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Abstract: SA-OR107

The Epidemiology and Impact of Fluid Balance on Outcomes in Critically Ill Preterm Neonates: A Report from the AWAKEN Study

Session Information

  • What Happens After AKI
    November 04, 2017 | Location: Room 295, Morial Convention Center
    Abstract Time: 05:42 PM - 05:54 PM

Category: Acute Kidney Injury

  • 003 AKI: Clinical and Translational


  • Selewski, David T., University of Michigan, Ann Arbor, Michigan, United States
  • Akcan Arikan, Ayse, Baylor College of Medicine, Houston, Texas, United States
  • Bonachea, Elizabeth, Nationwide Children''s hospital, Columbus, Ohio, United States
  • Gist, Katja M., University of Colorado, Children''s Hospital Colorado, Aurora, Colorado, United States
  • Goldstein, Stuart, Cincinnati Children's Hospital Medical Center, Cincinnati, Ohio, United States
  • Hanna, Mina, University of Kentucky , Lexington, Kentucky, United States
  • Joseph, Catherine, University of New Mexico, Albuquerque, New Mexico, United States
  • Mahan, John D., Nationwide Children's Hospital, Columbus, Ohio, United States
  • Nada, Arwa, LeBonheur Children's Hospital, Memphis, Tennessee, United States
  • Nathan, Amy, Cincinnati Children''s Hospital Medical Center, Cincinnati, Ohio, United States
  • Reidy, Kimberly J., Children's Hospital at Montefiore/ Albert Einstein College of Medicine, Bronxville, New York, United States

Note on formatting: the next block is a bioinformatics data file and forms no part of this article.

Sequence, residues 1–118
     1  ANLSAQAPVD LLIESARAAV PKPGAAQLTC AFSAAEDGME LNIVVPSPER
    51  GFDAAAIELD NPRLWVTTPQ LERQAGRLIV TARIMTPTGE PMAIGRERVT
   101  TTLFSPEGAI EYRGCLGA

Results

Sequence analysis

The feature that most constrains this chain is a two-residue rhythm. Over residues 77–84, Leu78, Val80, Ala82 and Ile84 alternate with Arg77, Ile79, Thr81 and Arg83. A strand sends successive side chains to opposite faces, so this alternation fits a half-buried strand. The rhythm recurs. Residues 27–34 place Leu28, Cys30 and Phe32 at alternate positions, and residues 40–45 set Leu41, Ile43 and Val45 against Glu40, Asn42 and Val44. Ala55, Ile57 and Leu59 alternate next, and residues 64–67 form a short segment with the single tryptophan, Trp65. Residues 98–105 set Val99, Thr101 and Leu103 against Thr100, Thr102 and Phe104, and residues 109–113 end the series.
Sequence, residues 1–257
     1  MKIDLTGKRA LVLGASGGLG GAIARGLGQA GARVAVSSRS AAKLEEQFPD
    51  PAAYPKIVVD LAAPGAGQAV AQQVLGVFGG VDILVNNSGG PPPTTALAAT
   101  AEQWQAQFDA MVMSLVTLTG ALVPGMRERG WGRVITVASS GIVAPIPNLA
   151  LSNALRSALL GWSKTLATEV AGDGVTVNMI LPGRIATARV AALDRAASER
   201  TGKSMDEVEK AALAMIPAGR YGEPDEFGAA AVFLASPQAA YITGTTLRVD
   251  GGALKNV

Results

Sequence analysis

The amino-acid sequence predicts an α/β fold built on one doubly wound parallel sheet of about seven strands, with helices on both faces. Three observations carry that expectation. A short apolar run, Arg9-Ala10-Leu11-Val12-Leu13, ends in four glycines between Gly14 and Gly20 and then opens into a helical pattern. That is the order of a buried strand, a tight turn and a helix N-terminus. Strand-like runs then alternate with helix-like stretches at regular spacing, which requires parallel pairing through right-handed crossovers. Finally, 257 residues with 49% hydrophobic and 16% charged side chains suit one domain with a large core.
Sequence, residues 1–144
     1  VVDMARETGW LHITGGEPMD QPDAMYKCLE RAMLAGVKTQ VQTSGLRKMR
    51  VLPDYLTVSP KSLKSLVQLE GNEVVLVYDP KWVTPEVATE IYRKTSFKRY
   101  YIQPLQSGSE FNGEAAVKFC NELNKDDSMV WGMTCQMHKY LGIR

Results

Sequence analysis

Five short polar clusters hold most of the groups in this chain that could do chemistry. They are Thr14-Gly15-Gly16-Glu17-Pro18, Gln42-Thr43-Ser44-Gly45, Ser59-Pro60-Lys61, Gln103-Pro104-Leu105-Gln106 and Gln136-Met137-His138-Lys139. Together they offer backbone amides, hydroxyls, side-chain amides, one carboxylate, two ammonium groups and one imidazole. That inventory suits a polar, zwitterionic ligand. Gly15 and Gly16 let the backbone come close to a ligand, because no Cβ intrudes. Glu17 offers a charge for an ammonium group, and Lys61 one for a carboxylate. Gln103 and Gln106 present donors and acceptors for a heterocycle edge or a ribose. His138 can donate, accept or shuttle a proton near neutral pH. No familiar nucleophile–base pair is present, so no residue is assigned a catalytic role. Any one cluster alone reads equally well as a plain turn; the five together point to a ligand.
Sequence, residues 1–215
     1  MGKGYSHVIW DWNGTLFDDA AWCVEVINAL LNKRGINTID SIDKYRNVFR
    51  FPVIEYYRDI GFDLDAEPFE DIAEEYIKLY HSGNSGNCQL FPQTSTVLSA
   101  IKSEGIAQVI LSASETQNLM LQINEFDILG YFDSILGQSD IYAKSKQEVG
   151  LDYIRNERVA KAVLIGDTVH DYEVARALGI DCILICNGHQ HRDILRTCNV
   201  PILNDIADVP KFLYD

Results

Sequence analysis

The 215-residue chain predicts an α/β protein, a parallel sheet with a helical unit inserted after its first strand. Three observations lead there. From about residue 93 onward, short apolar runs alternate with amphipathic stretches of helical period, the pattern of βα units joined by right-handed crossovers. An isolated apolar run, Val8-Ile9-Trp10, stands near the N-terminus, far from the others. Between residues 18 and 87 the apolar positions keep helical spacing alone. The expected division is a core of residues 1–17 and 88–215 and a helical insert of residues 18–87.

• Staples, Amy, University of New Mexico, Albuquerque, New Mexico, United States
  • Wintermark, Pia, McGill University, Montreal, Quebec, Canada
  • Boohaker, Louis J., Children''s of Alabama, Hoover, Alabama, United States
  • Griffin, Russell, University of Alabama at Birmingham, Birmingham, Alabama, United States
  • Askenazi, David J., University of Alabama at Birmingham , Birmingham, Alabama, United States
  • Guillet, Ronnie, University of Rochester, Rochester, New York, United States

Group or Team Name

  • On behalf of Neonatal Kidney Collaborative

Critically ill preterm neonates are at risk of AKI and disorders of fluid balance(FB). Very little data exist on the association between FB and outcomes in this population. We aim to evaluate the epidemiology of FB over the first week of life and impact on outcomes in a multi-center cohort of premature neonates.


The Assessment of Worldwide Acute Kidney injury Epidemiology in Neonates(AWAKEN) study included neonatal ICU admissions at 24 institutions from 01/14-03/14. Inclusion criteria: intravenous fluids for ≥48 hrs. Exclusion criteria: congenital heart disease repair at <7 days of life (DOL), lethal chromosomal anomaly or death ≤48 hrs. This analysis includes infants <36 weeks gestational age admitted by DOL 7. FB during the first week of life was defined by percent change in weight from birthweight. Outcomes: Mechanical ventilation(MV) at DOL 7, mortality


1136 preterm neonates were enrolled. Median peak FB was 0%(IQR -2.9, 1.9) at median DOL 2 (IQR 1,5). The pattern of peak FB over the first week included: < birthweight in 510(44.8%), 0-5% in 458(40.2%), 5-10% in 83(7.3%), 10-15% in 34(3.0%) and >15% in 51(4.9%). 155(13.6%) were on MV at DOL 7 and 46(4%) died. Table 1 describes the association of variables, including FB, with MV at DOL 7. Peak FB was higher in non-survivors (0%(IQR -2.9,1.7) v 0%(IQR-1.2, 9.3), p=0.002).


The AWAKEN study describes the impact of FB in the first week of life on outcomes in preterm infants. Over half of the cohort had a positive peak FB in the first week of life. Peak FB was associated with MV at DOL 7 and mortality in this cohort.

Table 1: Association of variables with Mechanical Ventilation at day of life 7